The European Commission imposes Luxembourg and the Netherlands to recover unlawful aid granted in the form of tax advantages to Fiat Finance and Trade and Starbucks, respectively.
In each case, the decisions concern a tax ruling issued by the respective national tax authority who artificially lowered the tax paid by the company.
The European Commission decisions concerns tax rulings which validate transfer pricing arrangements, also known as APAs.
In the decisions to initiate the formal investigation procedure, the European Commission explain that APAs are arrangements that determine, in advance of intra-group transactions, an appropriate set of criteria (e.g. method, comparables and appropriate adjustments thereto, critical assumptions as to future events) for the determination of the transfer pricing for those transactions over a fixed period of time3 . An APA is formally initiated by a taxpayer and requires negotiations between the taxpayer, one or more associated enterprises, and one or more tax administrations. APAs are intended to supplement the traditional administrative, judicial, and treaty mechanisms for resolving transfer pricing issues.
Transfer pricing refers in this context to the prices charged for commercial transactions between various parts of the same corporate group, in particular prices set for goods sold or services provided by one subsidiary of a corporate group to another subsidiary of that same group. The prices set for those transactions and the resulting amounts calculated on the basis of those prices contribute to increase the profits of one subsidiary and decrease the profits of the other subsidiary for tax purposes, and therefore contribute to determine the taxable basis of both entities. Transfer pricing thus also concerns profit allocation between different parts of the same corporate group.
Multinational corporations pay taxes in jurisdictions which have different tax rates. The after tax profit recorded at the corporate group level is the sum of the after-tax profits in each county in which it is subject to taxation. Therefore, rather than maximise the profit declared in each country, multinational corporations have a financial incentive when allocating profit to the different companies of the corporate group to allocate as much profit as possible to low tax jurisdictions and as little profit as possible to high tax jurisdictions. This could, for example, be achieved by exaggerating the price of goods sold by a subsidiary established in a low tax jurisdiction to a subsidiary established in a high tax jurisdiction. In this manner, the higher taxed subsidiary would declare higher costs and therefore lower profits when compared to market conditions. This excess profit would be recorded in the lower tax jurisdiction and taxed at a lower rate than if the transaction had been priced at market conditions.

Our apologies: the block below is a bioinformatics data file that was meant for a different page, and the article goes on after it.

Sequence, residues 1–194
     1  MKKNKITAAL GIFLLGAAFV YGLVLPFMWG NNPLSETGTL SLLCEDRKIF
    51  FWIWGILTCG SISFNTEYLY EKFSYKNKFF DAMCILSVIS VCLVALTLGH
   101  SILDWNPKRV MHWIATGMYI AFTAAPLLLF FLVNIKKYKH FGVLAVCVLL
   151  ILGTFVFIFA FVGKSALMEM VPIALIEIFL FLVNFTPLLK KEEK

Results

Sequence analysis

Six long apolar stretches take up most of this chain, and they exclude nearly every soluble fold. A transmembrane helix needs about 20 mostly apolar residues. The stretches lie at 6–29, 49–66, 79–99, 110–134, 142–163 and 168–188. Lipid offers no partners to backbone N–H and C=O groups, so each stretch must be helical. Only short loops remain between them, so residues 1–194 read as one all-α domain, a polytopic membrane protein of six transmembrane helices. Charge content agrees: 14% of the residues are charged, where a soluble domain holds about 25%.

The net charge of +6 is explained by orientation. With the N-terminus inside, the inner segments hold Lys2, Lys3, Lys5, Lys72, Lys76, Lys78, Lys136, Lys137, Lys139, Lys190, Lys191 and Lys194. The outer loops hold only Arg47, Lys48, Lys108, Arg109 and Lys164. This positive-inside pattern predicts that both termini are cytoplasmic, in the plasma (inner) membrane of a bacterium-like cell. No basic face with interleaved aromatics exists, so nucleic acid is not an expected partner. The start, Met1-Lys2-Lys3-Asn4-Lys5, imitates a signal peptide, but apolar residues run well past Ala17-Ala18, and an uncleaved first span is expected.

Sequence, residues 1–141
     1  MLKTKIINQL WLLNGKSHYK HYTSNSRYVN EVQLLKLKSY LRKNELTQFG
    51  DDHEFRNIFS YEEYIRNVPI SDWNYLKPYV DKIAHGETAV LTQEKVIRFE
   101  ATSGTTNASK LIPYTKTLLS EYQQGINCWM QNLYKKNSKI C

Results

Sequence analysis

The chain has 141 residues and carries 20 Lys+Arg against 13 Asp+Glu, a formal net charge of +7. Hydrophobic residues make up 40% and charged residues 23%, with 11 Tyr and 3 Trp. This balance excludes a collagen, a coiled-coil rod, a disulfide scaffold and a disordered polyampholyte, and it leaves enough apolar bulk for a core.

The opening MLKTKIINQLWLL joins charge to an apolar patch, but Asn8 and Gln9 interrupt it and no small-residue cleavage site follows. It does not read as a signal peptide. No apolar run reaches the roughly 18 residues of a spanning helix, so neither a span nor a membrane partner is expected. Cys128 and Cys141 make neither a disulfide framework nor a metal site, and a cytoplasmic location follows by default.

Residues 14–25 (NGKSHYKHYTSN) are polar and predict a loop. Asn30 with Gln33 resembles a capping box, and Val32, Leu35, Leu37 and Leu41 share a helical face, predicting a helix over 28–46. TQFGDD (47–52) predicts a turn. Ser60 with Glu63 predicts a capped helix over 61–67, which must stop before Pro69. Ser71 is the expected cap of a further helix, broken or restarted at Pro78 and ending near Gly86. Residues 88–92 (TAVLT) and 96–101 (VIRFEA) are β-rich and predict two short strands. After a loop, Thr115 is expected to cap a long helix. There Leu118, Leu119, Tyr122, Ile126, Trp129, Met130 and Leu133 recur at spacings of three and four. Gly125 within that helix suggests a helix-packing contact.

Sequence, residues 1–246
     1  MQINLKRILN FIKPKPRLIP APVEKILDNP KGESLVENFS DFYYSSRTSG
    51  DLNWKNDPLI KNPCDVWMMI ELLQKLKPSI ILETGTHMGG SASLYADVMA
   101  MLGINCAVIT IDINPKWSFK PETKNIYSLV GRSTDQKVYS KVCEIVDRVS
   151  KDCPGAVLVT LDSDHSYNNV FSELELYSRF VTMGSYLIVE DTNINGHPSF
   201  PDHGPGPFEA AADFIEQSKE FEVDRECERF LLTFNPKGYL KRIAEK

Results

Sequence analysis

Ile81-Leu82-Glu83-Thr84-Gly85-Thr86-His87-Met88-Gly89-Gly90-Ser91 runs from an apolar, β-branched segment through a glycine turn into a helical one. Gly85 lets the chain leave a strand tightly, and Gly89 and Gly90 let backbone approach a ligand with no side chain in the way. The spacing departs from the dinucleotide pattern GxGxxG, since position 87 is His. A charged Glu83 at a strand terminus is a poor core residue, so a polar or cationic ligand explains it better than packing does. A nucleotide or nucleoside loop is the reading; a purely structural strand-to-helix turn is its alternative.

Those transfer prices might therefore not be reliable for tax purposes and should not determine the taxable base for the corporate tax. If the (manipulated) price of the transaction between companies of the same corporate group were taken into account for the assessment of the taxable profits in each jurisdiction, it would entail an advantage for the firms which can artificially allocate profits between associate companies in different jurisdictions compared with other undertakings. So as to avoid this type of advantage, it is necessary to ensure that taxable income is determined in line with the taxable income an real market situation.
The two tax rulings under investigation endorsed artificial and complex methods to establish taxable profits for the companies. They do not reflect economic reality. This is done, in particular, by setting prices for goods and services sold between companies of the Fiat and Starbucks groups (so-called “transfer prices”) that do not correspond to market conditions. As a result, most of the profits of Starbucks’ coffee roasting company are shifted abroad, where they are also not taxed, and Fiat’s financing company only paid taxes on underestimated profits.
For more information: European Commission press release